There is a small village called Tai Tung Wo Liu here and the finale would have been filmed on land very close to the village given the angle of the mountains and other features that can be seen on the film.

The Prodigal Son - Yuen Biao (1981) - Yim Tin Tsai, Sai Kung

One of only two identifiable locations in this classic Sammo Hung film featuring Yuen Biao as the young Wing Chun exponent Leung Tsan.

I think Sammo (he directed and wrote as well as starred in the film) was trying to create some sort of homage to another film I discussed a few weeks ago because this scene is almost a direct copy of the one from River of Fury - filmed at the exact same location, featuring an opera troop aboard a boat that is docking at the pier. Here are the grabs.

Yes, this is Yim Tin Tsai in Port Shelter, Sai Kung, where about 8 years before Danny Lee ran along the exact same concrete pier to greet a junk traveling opera troop. The same house at the beginning of the pier and of course the previous version of the pier that now exists. You can read my River of Fury entry here.

Monday, June 25, 2012

The Legend of the Seven Golden Vampires - Peter Cushing (1974) - Fei Ngo Shan, Sai Kung

In this classic collaboration (one of two) between the UK's Hammer Studios and Shaw Bros in HK, the film makers took advantage of the unspoilt mountainous area around Fei Ngo Shan (Kowloon Peak) to film the hilly scenes as the protagonists make their way to David Chiang's lost village.

Several scenes were shot but all incorporated approximately the same area. First there is this view of everyone stumbling up the hillside.The distant peaks poking up at the back are in fact eitehr end of the saddle ridge of Ma On Shan.

Judging from the angle I am guessing the camera was fairly close to the Fei Ngo Shan Road as it goes over the hill and down the other side towards Tate's Pass. Not an exact placement but this dip is close enough to the road so that the film crew had an easy job of it.

The second part featured above was reasonably close by with a view down into Port Shelter, or at least what seems to be the Hebe Haven part of it. I think this one was shot slightly further east.

Wednesday, May 16, 2012

Project A - Jackie Chan (1983) - Ping Kong Walled Village, Sheung Shui

Another one that has taken a while to find but still here we go, it's the Tin Hau Temple that JC stops in front of during the bike chase. I can't confirm whether or not this is the same village where some the other bike sequences takes place (would need to visit in person) but here is the temple from the film as a reminder.

There has been a recent renovation to the temple and the area next to the red door above has been knocked through but the temple is still fairly recognisable. Here is a modern view courtesy of Chong Fat's picture on the Tin Hau Temple wiki page.

Photo: Chong Fat on Wikipedia

Monday, May 14, 2012

Love is a Many-Splendored Thing - William Holden (1955) - Aberdeen, Hong Kong

Aberdeen has been seen in so many films on this blog - I guess it was a place renowned for showing a different side to HK life for some people and it's been used time and time again, for example on Enter The Dragon, The Protector, The World of Suzie Wong, Flatfoot in Hong Kong, Tomb Raider 2 as well as a brief glimpse in Soldier of Fortune. However, it could be argued that this was the film that did it first. So here we are as Holden and Jones head to the Tai Pak.

We get to see them driving along (a very different) Aberdeen Praya Road in his little car and turning onto the famous shore front that held the restaurant piers at Wu Nam Street (they have since been moved to Shum Wan Pier Drive). If you read my Flatfoot in Hong Kong post on this place you'll know that this area has long been reclaimed and is now used as a bus stop.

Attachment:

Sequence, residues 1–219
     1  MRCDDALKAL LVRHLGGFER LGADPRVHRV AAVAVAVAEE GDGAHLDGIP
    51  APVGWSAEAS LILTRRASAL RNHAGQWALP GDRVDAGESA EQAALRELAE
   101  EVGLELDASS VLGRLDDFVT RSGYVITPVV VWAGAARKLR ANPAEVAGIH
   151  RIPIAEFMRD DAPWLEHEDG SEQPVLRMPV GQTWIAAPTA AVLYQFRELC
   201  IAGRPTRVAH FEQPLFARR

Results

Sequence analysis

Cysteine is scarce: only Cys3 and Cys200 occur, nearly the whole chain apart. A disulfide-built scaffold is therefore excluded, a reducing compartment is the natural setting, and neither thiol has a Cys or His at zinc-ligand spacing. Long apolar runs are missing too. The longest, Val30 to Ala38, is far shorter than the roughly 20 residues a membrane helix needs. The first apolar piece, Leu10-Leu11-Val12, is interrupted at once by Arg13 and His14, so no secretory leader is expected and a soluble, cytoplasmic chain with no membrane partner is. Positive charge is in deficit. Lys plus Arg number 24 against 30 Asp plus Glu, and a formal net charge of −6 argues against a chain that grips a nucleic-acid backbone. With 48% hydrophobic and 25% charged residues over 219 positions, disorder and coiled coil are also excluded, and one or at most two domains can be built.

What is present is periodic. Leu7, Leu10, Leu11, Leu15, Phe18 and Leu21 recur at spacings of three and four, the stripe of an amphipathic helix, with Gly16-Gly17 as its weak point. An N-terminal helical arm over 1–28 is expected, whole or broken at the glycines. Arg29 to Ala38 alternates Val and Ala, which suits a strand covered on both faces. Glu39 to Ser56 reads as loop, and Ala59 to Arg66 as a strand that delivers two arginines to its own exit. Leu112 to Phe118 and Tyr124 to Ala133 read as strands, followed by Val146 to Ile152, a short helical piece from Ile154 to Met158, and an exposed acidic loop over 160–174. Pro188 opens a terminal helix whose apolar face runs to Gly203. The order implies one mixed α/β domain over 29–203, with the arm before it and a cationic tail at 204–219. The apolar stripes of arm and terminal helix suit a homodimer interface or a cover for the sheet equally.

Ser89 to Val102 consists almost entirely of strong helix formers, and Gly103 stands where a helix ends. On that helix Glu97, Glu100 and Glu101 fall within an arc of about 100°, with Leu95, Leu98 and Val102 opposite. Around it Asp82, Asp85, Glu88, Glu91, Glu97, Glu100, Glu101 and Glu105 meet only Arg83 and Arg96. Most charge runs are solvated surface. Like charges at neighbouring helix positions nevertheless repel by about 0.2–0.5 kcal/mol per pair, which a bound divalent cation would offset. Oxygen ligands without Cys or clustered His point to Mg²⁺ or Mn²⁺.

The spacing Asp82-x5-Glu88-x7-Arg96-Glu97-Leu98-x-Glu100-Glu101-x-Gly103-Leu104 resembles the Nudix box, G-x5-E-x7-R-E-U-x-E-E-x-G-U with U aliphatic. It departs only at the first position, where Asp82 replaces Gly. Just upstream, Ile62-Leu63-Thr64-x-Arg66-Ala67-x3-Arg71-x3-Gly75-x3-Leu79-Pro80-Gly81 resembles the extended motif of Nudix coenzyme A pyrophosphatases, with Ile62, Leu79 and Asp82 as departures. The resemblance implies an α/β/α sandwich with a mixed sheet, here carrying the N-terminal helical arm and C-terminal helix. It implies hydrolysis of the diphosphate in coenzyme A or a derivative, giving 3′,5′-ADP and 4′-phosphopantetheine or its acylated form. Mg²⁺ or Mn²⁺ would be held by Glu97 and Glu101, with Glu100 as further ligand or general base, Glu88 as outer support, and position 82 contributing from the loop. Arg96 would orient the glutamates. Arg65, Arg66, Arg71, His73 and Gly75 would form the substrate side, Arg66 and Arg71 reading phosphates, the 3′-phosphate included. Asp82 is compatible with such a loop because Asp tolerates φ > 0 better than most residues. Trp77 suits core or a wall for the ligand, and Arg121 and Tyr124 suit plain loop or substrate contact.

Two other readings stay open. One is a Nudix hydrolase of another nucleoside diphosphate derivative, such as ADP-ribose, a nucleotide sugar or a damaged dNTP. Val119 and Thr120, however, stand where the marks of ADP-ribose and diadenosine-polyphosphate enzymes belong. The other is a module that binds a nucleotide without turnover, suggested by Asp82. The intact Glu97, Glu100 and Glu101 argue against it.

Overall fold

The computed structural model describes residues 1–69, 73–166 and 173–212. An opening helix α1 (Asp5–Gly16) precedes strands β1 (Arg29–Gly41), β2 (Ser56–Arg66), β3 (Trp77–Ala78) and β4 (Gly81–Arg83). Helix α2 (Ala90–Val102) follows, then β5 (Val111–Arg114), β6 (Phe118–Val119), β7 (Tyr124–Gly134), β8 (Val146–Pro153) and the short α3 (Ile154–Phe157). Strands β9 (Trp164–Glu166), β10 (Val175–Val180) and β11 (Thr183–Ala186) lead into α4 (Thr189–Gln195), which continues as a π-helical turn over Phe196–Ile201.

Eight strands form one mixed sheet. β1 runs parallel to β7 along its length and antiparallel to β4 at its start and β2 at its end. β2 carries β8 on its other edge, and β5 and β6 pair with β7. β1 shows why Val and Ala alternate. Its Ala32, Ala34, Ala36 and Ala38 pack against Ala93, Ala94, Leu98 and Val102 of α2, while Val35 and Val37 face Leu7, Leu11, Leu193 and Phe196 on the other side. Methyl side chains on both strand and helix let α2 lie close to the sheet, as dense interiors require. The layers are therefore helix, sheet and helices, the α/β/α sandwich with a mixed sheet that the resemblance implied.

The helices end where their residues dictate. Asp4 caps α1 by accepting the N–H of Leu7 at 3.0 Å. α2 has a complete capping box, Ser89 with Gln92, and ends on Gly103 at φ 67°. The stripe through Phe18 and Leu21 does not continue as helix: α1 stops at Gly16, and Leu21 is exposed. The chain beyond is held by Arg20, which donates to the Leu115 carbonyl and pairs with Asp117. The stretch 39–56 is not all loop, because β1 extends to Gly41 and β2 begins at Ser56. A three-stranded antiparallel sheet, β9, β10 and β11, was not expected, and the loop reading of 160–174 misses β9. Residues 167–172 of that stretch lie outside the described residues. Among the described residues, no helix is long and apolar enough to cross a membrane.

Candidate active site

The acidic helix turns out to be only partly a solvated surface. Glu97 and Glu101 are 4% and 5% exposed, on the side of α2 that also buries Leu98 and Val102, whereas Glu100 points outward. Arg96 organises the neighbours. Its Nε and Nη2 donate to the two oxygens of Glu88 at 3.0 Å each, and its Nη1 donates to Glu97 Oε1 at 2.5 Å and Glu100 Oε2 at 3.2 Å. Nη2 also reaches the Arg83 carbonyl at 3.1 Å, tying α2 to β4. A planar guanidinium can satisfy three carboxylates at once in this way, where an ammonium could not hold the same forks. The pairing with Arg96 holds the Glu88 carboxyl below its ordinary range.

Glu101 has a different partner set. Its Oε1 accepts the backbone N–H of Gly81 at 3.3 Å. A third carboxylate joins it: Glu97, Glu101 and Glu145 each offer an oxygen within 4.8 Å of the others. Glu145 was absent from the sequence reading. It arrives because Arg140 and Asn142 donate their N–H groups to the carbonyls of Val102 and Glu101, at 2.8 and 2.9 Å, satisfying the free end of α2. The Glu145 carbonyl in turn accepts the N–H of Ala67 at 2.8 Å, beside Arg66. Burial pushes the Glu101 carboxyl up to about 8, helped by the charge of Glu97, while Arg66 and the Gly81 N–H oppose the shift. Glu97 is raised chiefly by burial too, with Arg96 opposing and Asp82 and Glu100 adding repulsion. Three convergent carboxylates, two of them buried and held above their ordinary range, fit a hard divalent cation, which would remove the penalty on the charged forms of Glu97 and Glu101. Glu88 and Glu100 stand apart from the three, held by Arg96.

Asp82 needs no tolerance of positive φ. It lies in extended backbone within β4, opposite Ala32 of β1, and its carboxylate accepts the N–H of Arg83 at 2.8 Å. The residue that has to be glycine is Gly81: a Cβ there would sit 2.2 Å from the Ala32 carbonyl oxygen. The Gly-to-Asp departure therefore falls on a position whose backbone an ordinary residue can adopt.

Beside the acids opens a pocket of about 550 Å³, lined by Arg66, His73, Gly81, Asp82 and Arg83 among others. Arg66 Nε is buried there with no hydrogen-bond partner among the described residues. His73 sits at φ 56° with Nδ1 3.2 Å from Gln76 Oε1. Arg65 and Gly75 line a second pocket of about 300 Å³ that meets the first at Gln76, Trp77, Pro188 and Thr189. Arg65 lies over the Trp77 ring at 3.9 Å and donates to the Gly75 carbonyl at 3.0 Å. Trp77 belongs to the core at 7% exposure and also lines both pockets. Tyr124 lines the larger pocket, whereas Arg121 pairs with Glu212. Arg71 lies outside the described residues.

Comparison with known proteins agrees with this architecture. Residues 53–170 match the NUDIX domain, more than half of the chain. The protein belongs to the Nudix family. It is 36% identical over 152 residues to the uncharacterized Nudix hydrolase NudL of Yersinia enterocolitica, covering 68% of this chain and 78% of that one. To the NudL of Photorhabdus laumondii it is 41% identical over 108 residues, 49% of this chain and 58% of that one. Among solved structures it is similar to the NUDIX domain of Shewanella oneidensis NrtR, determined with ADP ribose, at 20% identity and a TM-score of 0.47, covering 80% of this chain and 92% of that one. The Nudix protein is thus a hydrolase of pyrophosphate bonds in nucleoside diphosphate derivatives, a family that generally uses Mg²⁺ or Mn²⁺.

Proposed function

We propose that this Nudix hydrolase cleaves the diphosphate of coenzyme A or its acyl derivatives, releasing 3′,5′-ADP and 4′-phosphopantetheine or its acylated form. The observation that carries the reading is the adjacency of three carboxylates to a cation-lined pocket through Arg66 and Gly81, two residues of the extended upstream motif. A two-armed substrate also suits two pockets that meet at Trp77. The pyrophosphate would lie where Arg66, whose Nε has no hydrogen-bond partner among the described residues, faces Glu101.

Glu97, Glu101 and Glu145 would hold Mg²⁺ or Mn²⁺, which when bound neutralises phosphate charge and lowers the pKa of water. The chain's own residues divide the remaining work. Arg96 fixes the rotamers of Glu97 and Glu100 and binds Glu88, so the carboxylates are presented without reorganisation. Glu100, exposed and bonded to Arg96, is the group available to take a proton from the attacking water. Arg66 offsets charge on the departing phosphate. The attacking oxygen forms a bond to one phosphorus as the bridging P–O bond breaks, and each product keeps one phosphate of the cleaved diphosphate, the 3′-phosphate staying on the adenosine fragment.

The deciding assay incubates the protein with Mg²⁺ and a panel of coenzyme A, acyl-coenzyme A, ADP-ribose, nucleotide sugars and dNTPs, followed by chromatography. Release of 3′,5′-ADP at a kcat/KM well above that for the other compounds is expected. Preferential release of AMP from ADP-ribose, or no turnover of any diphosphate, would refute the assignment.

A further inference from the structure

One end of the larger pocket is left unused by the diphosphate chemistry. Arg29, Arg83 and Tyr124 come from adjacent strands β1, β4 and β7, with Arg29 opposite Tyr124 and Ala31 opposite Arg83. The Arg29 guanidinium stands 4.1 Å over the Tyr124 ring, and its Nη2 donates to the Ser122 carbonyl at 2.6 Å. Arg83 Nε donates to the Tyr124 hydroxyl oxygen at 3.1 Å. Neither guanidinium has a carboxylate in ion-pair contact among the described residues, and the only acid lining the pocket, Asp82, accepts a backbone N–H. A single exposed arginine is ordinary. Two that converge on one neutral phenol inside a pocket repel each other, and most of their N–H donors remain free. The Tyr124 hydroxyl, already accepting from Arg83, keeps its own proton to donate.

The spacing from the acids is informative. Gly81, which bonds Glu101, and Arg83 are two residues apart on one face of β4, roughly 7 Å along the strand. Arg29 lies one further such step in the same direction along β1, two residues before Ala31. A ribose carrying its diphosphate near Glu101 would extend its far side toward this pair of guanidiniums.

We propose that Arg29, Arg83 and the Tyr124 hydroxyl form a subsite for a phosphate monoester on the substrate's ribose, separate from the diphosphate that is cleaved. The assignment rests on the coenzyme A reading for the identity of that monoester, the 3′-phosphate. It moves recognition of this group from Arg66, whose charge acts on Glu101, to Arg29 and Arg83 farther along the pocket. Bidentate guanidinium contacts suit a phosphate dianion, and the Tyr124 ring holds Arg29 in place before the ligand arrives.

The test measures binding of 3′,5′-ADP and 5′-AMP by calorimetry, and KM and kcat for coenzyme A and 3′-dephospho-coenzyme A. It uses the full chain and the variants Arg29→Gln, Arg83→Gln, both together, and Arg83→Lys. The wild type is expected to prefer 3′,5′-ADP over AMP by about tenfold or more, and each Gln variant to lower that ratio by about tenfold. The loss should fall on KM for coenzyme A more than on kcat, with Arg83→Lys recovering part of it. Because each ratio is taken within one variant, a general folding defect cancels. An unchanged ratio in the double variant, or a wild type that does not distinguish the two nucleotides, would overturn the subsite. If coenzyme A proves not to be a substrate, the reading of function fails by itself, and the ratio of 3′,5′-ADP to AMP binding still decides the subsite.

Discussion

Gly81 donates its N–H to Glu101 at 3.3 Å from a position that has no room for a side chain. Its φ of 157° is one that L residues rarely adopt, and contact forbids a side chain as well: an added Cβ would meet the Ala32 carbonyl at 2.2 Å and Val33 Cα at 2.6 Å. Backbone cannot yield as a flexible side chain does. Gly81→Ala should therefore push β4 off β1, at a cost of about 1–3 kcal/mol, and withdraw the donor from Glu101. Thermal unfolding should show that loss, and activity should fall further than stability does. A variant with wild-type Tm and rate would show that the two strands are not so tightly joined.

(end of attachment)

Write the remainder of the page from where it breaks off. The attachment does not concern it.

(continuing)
Look carefully in the background of the above snap and you may just be able to spot Aberdeen's famous Tin Hau temple hiding at the back. Whereas below we can see Wu Nam Street - seen from harbour looking inland.

The small signs on the boats above say 白花油 "Baak Fa Yau" a.k.a White Flower Oil. Still a popular ointment here in Hong Kong and especially good for stopping the itch of a mosquito bite.

Sunday, May 13, 2012

Love is a Many-Splendored Thing - William Holden (1955) - 41a Conduit Road, Midlevels

This location has often been mistaken for King Yin Lei over in the Wanchai mid-levels and it's a mistake that seems to have gained a bit of misinformed traction (also the notion that the Repulse Bay Hotel was featured in this film: it wasn't!).

This building was located at 41a Conduit Road and was known locally as the Mok Villa - named after the family who owned it - or by its official name of 'Fairview'. At the time of filming though it was home to the Foreign Correspondents' Club (F.C.C) and its connections to this film go a bit further than just it being one of the locations used.

Throughout the film the house is used to represent what is described at one point as 'Victoria Hospital' where Dr Han (Jennifer Jones) works as a doctor. The terraced gardens are featured more than the actual house though (all interior scenes were filmed back in the US on a sound stage) and we are led to believe that the hospital backs onto the famous windy hilltop.

In reality though the hilltop was in fact located in California at the former Fox Ranch (now part of Malibu Creek State Park) and the hillside behind the house was actually only about a third of the way up Hong Kong's Peak.

The other connection to this story is that the ornamental pavilion seen above in the buildings grounds was the real life location where the real life Han Suyin met her lover, Ian Morrison, who was a journalist from Australia and no doubt was a member of the F.C.C.

This splendid building was knocked down in the mid-1960's and was eventually replaced by a development called Realty Gardens in 1971 which still stands there today. The current development also has a small ornate pavilion in the grounds (the terracing remains fairly unscathed but the ornaments you see above are all gone) which for a while some people mistakenly believed to be the same one seen above. Alas, it is a modern replacement that was built on a slightly higher level to the original one. There is a great summary of the building over on Richard Wong's FLICKR page and it's necessary to read all the comments:

The thing I find most staggering about these grabs are the fact that there was a completely open view of the harbour back then. This view has slowly disappeared as more and more high rises have filled up the hillside.